The husband’s income, although decent, was not high enough to pay for his and his ex-wife’s spending habits. The parties did not pay their full income tax amount, took out loans, wrote personal checks on business accounts, utilized 18-24 credit cards, and took distributions from the husband’s profit sharing retirement plan, just to name a few. In the final judgment of divorce, the court stated that the parties could not maintain the standard of living they were used to while married because they had depleted their marital assets in order to pay off their debts and liabilities.
In particular, the court discussed the fact that the parties failed to pay their full annual income tax obligation in order to maintain their quality of life. At the time of the divorce, the parties had only paid their taxes through and including 1998. Yet, for 1999 and 2000 the parties still owed, in principal, $243,000 to the federal government, $33,000 to the State of New York, and $17,900 to the State of New Jersey. Additionally, the parties had not filed their tax returns for 2001. The wife refused to file joint returns for 1999-2001; however, the court ordered her to do so in order to abate the interest and penalties and ultimately resolve all tax issues. The court appointed an expert to testify on its behalf and the wife appealed.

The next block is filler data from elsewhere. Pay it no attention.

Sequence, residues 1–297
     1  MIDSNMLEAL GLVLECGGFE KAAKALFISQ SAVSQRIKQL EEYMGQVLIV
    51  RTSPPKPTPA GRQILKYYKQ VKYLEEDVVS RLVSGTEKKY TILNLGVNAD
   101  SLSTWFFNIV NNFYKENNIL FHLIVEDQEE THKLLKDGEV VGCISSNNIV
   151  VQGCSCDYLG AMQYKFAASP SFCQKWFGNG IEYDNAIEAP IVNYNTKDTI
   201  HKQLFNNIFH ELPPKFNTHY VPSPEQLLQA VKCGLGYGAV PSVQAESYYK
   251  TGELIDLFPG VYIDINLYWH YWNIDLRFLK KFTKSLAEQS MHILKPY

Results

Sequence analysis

On appeal, the wife argued that the trial court erred in forcing her to file joint tax returns with her ex-husband. However, the Appellate Division affirmed the findings of the lower court. The Court first noted that trial courts in New Jersey have discretionary authority to compel parties in divorce proceedings to file joint tax returns. The New Jersey Appellate Division then laid out five specific reasons why the trial court did not abuse its discretion in compelling the parties to jointly file:
- There was a significant financial benefit to filing together
- There was no evidence that the husband had filed fraudulent returns in the past or that he intended to file fraudulent ones in the future
- The husband was the source of income during the parties' marriage
- he wife had not expressed why she should file separately given the circumstance
- Since the vast majority of marital assets were required to pay marital debts, there was little means by which the court could modify the equitable distribution in order to compensate the husband for the adverse tax consequences of filing separately
Although the Appellate Division stated that generally, trial courts should avoid compelling parties to execute joint tax returns because of potential liability to which parties could be exposed, the court found it beneficial to the parties in Bursztyn. For more information on this issue, please contact my office today.